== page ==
No place is better than where Christ died to put you.
Around 1889 when my Great Aunt—Kittie Mae Randolph—was a young girl, she developed disseminated tuberculosis in her leg. A country doctor came to the family’s home, administered chloroform, and amputated her leg right there on the kitchen table.
Eventually, she was fine.
The leg wasn’t. They buried it and it decomposed—the fate of all limbs separated from the body they’re supposed to be a part of.
I see this as a cautionary reminder to Christians who attempt spiritual survival outside the body of Christ.
God took us out of the immoral world system and set us as members into a body alive with the resurrection of Christ.
Yet both deliberate and casual drift continues to occur out of the church, especially among youth. The Body of Christ will survive. Separated members won’t, at least not to the standard of Christian life described in the New Testament.
“I haven’t been to church in years and I’m absolutely fine,” writes one adamant poster. No description follows about what “fine” looks like, though. I wonder if it means the poster still believes in God, prays before meals, and has a stable marriage—“fine,” but hardly the robust spiritual vitality promised to believers.
A consensus exists that church means institutional conformity, the diminishing of personal spirituality, the smothering of the Jesus adventure under the feet of numb religious crowds.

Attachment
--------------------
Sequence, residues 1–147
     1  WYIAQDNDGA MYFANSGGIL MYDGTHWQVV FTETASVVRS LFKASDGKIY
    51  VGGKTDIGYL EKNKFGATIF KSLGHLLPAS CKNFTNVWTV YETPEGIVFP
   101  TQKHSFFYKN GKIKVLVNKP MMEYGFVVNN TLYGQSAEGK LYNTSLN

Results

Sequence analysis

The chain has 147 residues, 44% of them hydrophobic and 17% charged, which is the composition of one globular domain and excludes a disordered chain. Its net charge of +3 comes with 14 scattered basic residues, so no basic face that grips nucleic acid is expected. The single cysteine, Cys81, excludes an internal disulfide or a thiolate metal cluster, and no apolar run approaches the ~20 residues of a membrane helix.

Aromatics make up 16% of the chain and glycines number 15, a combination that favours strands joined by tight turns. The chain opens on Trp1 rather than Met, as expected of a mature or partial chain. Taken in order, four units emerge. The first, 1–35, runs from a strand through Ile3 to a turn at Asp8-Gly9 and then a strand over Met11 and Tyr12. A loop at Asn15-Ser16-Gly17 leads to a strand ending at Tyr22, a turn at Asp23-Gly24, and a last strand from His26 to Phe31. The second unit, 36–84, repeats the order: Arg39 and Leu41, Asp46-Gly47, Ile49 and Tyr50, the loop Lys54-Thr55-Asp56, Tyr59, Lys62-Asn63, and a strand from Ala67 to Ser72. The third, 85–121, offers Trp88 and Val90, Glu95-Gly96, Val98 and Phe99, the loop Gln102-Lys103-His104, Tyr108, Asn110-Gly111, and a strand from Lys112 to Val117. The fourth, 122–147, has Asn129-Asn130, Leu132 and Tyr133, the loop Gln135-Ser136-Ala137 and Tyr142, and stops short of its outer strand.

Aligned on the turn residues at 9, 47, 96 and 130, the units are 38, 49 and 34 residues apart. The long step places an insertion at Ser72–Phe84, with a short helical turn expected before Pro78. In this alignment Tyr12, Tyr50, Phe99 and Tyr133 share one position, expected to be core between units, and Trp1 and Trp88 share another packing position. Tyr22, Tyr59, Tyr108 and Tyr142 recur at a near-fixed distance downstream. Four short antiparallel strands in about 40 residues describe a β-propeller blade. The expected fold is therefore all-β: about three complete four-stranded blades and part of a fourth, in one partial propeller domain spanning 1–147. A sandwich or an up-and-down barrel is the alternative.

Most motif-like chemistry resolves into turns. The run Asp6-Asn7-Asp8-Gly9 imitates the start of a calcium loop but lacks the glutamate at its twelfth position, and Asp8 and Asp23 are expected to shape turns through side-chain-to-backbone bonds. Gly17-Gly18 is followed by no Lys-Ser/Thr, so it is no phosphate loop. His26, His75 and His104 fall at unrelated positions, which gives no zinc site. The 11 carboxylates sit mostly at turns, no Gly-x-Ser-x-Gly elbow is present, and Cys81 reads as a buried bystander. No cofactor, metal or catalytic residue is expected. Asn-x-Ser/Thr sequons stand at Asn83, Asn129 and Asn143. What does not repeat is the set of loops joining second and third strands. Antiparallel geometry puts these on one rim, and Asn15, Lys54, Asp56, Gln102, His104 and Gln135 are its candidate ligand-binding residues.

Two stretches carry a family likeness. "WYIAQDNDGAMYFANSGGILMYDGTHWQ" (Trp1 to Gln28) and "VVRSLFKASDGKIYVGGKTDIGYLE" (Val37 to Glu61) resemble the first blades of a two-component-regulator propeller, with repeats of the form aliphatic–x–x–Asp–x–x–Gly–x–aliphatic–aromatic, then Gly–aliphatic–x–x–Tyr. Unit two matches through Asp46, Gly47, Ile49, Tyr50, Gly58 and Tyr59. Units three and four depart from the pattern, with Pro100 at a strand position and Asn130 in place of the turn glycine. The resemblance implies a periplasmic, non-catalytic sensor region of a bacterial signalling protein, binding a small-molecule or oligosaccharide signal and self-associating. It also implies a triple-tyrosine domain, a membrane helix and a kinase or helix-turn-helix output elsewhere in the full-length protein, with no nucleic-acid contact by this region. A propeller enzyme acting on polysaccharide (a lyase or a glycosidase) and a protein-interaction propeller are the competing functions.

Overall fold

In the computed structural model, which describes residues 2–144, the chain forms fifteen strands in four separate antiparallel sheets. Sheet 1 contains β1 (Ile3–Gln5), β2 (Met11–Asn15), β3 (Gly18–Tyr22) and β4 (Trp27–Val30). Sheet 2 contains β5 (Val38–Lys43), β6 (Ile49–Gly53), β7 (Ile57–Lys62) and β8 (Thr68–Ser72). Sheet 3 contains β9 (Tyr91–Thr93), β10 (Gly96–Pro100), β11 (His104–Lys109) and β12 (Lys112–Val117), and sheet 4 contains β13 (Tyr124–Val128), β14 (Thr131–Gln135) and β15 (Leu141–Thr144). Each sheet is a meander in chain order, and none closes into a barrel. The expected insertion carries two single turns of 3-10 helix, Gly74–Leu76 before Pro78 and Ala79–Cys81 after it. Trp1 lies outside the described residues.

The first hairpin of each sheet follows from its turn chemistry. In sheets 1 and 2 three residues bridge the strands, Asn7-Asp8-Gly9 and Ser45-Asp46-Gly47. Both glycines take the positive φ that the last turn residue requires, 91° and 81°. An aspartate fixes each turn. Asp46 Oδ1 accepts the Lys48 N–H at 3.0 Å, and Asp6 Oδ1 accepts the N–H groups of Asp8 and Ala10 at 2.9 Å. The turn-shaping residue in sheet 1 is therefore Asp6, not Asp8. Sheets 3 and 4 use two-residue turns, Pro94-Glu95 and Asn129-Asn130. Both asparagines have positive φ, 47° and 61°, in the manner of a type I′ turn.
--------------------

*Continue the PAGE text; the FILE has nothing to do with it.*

But when Paul talks about the church, he maintains a curious equilibrium between individuality and unity.
First, he emphasizes the distinct members and their particular specialties:
Rom. 12:4 For as in one body we have many members, and the members do not all have the same function…”
But before we rush headlong into disconnected religious works and gifts, competition, and personal interests, he adjusts the emphasis:
5 so we, though many, are one body in Christ,”
Unity becomes the rallying call. But then he quickly adjusts again to the personal dimension:
And then again of interconnected unity:
“one of another.”
That final parting shot says no believer can claim a unique, direct attachment to Christ the head, while circumventing other members. A thumb isn’t joined to the skull. It is a member of the hand, hand of wrist, wrist of forearm, forearm of upper arm, upper arm of shoulder, shoulder of neck, and then ultimately, attached to the head.
We used to be card-carrying members of a world that crucified Christ. We were complicit in that deed, even if we weren’t present when it happened.
But upon faith in Christ, He removed you from that fellowship, and placed you as a member into His own body. You will no longer stand before God one day as a murderer of His Son, but as a part of His Son.
This is the second half of the gospel in Romans, where the church is not presented as merely a place to go hear the gospel.
It is the place where we can best live it.